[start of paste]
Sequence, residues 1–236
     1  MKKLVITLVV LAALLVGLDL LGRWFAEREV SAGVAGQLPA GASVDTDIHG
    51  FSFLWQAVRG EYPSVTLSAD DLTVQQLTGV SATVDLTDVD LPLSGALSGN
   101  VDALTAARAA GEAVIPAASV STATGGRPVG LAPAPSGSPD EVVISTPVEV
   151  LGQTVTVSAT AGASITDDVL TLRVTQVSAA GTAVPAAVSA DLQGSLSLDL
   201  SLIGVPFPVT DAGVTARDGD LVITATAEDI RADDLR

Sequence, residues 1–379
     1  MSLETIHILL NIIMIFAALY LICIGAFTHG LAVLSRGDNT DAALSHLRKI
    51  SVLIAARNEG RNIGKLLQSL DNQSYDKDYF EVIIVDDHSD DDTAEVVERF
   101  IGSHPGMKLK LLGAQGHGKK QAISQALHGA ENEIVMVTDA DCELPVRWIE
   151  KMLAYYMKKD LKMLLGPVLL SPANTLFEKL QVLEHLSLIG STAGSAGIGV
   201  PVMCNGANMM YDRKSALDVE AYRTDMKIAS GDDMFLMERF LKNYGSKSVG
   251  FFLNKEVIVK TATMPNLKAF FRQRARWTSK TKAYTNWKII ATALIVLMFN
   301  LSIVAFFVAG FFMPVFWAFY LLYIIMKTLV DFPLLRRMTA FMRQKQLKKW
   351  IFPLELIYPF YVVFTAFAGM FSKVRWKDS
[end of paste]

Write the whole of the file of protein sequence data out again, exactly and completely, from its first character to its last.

Sequence, residues 1–236
     1  MKKLVITLVV LAALLVGLDL LGRWFAEREV SAGVAGQLPA GASVDTDIHG
    51  FSFLWQAVRG EYPSVTLSAD DLTVQQLTGV SATVDLTDVD LPLSGALSGN
   101  VDALTAARAA GEAVIPAASV STATGGRPVG LAPAPSGSPD EVVISTPVEV
   151  LGQTVTVSAT AGASITDDVL TLRVTQVSAA GTAVPAAVSA DLQGSLSLDL
   201  SLIGVPFPVT DAGVTARDGD LVITATAEDI RADDLR

Sequence, residues 1–379
     1  MSLETIHILL NIIMIFAALY LICIGAFTHG LAVLSRGDNT DAALSHLRKI
    51  SVLIAARNEG RNIGKLLQSL DNQSYDKDYF EVIIVDDHSD DDTAEVVERF
   101  IGSHPGMKLK LLGAQGHGKK QAISQALHGA ENEIVMVTDA DCELPVRWIE
   151  KMLAYYMKKD LKMLLGPVLL SPANTLFEKL QVLEHLSLIG STAGSAGIGV
   201  PVMCNGANMM YDRKSALDVE AYRTDMKIAS GDDMFLMERF LKNYGSKSVG
   251  FFLNKEVIVK TATMPNLKAF FRQRARWTSK TKAYTNWKII ATALIVLMFN
   301  LSIVAFFVAG FFMPVFWAFY LLYIIMKTLV DFPLLRRMTA FMRQKQLKKW
   351  IFPLELIYPF YVVFTAFAGM FSKVRWKDS